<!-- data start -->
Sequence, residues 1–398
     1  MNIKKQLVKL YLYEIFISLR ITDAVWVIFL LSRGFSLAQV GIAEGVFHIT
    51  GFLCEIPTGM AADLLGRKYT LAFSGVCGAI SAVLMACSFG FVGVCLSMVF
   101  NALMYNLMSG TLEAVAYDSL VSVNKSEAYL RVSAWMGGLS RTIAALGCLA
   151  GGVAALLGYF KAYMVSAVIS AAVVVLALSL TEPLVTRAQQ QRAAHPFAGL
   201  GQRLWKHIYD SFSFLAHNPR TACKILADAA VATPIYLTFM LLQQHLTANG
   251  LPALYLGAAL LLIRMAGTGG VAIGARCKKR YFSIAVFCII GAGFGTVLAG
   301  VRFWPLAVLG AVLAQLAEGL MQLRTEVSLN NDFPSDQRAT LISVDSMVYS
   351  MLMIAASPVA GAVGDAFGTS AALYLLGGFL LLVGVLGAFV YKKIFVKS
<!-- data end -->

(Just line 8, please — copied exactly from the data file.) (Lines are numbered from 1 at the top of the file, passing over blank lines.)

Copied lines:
   301  VRFWPLAVLG AVLAQLAEGL MQLRTEVSLN NDFPSDQRAT LISVDSMVYS